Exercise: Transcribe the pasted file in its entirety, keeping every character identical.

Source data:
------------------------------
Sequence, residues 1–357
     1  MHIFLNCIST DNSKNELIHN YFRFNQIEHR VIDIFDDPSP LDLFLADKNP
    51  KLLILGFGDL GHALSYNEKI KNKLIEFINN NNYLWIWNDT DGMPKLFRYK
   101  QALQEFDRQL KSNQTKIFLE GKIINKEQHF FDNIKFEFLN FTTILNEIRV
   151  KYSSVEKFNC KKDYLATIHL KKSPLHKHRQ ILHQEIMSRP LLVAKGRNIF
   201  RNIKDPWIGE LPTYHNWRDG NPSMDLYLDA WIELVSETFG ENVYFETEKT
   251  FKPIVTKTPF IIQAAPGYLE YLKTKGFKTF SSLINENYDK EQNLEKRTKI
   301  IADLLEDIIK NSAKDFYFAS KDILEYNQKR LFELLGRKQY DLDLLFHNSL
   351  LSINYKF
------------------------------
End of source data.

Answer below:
Sequence, residues 1–357
     1  MHIFLNCIST DNSKNELIHN YFRFNQIEHR VIDIFDDPSP LDLFLADKNP
    51  KLLILGFGDL GHALSYNEKI KNKLIEFINN NNYLWIWNDT DGMPKLFRYK
   101  QALQEFDRQL KSNQTKIFLE GKIINKEQHF FDNIKFEFLN FTTILNEIRV
   151  KYSSVEKFNC KKDYLATIHL KKSPLHKHRQ ILHQEIMSRP LLVAKGRNIF
   201  RNIKDPWIGE LPTYHNWRDG NPSMDLYLDA WIELVSETFG ENVYFETEKT
   251  FKPIVTKTPF IIQAAPGYLE YLKTKGFKTF SSLINENYDK EQNLEKRTKI
   301  IADLLEDIIK NSAKDFYFAS KDILEYNQKR LFELLGRKQY DLDLLFHNSL
   351  LSINYKF